Artist ‘by chance’

Sophie Berrebi

September 30, 2004review,

Sophie Calle M’as-tu-vue?, Prestel Verlag, Munich / Berlin / London, New York, 2003, ISBN 3791330357

Considering both the impact of Sophie Calle’s work on emerging artists and the success of her recent retrospective at the Pompidou Centre, Sophie Calle M’as-tu-vue? comes at the right moment and seems destined to live on beyond the exhibition as an essential compilation of Calle’s projects since 1978. In hoping to meet these different demands, it is at once an artist’s book, a critical overview and a catalogue. This makes for its breadth but also explains certain weaknesses.

The padded cover, small format and soft pink paper have a diaristic intimacy, and the inside resembles a scrapbook displaying an accumulation of documents printed on paper of various qualities and sizes. These range from facsimiles of diary pages to postcard-sized installations shots printed on glossy paper. Calle’s works are presented each on a few pages and arranged chronologically and thematically. This cannot fail to disappoint those who remember the original formats and the elegant layouts of the artist’s early books, such as L’Hotel, (Les Editions de l’Etoile, 1984) whose peculiarity made them sit somewhere between art and literature. Sophie Calle M’as-tu-vue? instead contains mostly extracts of her pieces arranged differently from previous publications. Sections on projects are interspersed with installation views, and both contribute to trace a genealogy of the displacement of her work from the book to the exhibition form, while also emphasising the conceptual aspect of a body of work that is largely context-specific and in a sense only exists through its reproduction.

The multi-layered layout enables the reader to browse and accumulate clues towards a constantly shifting portrait of the artist. The enigmatic quality of the image documentation accounts for the fascination exerted by the extensive biographical interview of Sophie Calle by Christine Macel, and the clinical psychological portrait commissioned by Damien Hirst. Next to these, the other texts range from the anecdotal (by the novelist and friend Olivier Rolin) to the unnecessarily complex: an essay by Christine Macel that counterpoints, with little notable results, the theme of the death of the author with Calle’s use of authorship. More intriguing is Yve-Alain Bois’ contribution, which follows a previous essay published on the occasion of Calle’s first Parisian retrospective in 1991. Here, Bois skips from one topic to another, toying briefly with an idea before remarking upon a set of coincidences. As such, his essay pleasantly evokes Calle’s working process but is a disappointment inasmuch as it refuses to engage with Calle’s work on an art-critical or historical level. Whereas the installation views emphasise the visual in Calle’s work, none of the texts strives to discuss and position her work in relation to conceptual art, performance, or narrative fictions. Instead, most of the texts follow the artist’s personal mythology, presenting her through many an­ecdotes as an accidental artist, an outsider who candidly goes to ask Vito Acconci if he doesn’t think her ‘following pieces’ resemble too closely his own. One could have hoped for a more in-depth ponde­ring of such questions on the occasion of a mid-career retrospective.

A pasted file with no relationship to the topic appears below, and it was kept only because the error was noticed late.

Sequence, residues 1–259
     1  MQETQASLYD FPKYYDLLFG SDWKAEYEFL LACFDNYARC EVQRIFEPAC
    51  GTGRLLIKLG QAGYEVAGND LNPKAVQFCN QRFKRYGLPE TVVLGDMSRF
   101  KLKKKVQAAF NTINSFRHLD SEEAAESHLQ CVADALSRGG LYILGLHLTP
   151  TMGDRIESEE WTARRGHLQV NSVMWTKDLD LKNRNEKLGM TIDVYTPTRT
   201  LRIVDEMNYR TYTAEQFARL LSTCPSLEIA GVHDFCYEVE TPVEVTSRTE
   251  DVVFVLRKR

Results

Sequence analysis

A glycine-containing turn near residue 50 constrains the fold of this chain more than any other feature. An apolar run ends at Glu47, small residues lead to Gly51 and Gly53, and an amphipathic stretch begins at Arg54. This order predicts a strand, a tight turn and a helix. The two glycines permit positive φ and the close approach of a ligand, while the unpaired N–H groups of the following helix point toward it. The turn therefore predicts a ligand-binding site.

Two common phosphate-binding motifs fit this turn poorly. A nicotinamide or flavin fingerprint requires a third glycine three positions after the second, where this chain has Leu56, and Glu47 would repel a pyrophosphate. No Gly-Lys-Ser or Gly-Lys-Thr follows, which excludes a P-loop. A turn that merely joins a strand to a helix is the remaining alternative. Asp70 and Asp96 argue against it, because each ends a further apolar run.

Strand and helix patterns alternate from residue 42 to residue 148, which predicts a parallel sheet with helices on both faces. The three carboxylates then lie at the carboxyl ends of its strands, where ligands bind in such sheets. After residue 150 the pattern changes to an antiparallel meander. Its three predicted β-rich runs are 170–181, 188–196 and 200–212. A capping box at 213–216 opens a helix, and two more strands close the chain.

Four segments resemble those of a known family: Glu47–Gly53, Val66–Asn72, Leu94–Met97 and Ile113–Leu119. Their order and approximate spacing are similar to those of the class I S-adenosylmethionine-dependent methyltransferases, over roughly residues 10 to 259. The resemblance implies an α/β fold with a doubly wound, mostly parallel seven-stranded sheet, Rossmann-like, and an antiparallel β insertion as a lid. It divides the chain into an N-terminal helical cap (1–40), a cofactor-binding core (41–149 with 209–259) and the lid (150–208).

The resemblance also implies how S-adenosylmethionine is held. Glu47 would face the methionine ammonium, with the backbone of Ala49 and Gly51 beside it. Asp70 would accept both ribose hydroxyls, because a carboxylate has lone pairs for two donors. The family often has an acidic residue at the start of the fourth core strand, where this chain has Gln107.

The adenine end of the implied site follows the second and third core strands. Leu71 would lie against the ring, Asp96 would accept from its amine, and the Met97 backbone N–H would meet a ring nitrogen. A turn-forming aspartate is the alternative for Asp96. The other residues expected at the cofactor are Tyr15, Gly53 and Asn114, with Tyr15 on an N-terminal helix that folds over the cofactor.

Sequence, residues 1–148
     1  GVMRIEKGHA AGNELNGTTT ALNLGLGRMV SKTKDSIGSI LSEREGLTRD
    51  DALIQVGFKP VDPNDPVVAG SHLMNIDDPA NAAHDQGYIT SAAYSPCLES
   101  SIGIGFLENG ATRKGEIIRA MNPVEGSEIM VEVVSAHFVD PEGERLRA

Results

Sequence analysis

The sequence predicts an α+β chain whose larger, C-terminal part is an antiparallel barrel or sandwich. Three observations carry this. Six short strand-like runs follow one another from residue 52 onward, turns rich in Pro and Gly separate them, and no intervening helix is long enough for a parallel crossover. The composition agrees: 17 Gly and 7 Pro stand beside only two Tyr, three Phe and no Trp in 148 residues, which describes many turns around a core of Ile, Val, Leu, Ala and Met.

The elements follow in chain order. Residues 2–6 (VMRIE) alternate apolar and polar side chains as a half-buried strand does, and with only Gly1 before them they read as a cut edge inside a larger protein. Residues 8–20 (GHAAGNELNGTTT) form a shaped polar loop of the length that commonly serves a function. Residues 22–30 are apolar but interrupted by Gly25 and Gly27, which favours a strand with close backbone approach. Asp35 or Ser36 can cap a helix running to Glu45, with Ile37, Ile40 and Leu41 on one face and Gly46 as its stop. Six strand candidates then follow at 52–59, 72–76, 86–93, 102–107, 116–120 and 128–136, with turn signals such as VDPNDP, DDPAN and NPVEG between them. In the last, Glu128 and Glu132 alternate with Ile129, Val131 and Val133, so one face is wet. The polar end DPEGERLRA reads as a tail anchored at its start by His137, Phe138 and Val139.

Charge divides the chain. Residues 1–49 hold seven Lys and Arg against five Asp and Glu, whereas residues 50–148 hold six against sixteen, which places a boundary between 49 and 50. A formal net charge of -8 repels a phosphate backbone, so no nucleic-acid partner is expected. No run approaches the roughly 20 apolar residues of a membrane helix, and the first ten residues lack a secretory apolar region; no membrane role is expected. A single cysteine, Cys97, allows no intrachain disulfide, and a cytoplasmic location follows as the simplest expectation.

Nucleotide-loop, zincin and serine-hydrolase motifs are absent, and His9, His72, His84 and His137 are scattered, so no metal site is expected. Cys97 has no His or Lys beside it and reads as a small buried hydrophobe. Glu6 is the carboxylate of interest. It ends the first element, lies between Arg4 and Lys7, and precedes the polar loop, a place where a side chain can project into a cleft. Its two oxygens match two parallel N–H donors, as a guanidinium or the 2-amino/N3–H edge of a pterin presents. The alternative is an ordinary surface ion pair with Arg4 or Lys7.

Sophie Berrebi is an art historian and curator and lecturer in the History and Theory of Photography at the University of Amsterdam. Her current research considers the issue of the document in contemporary art.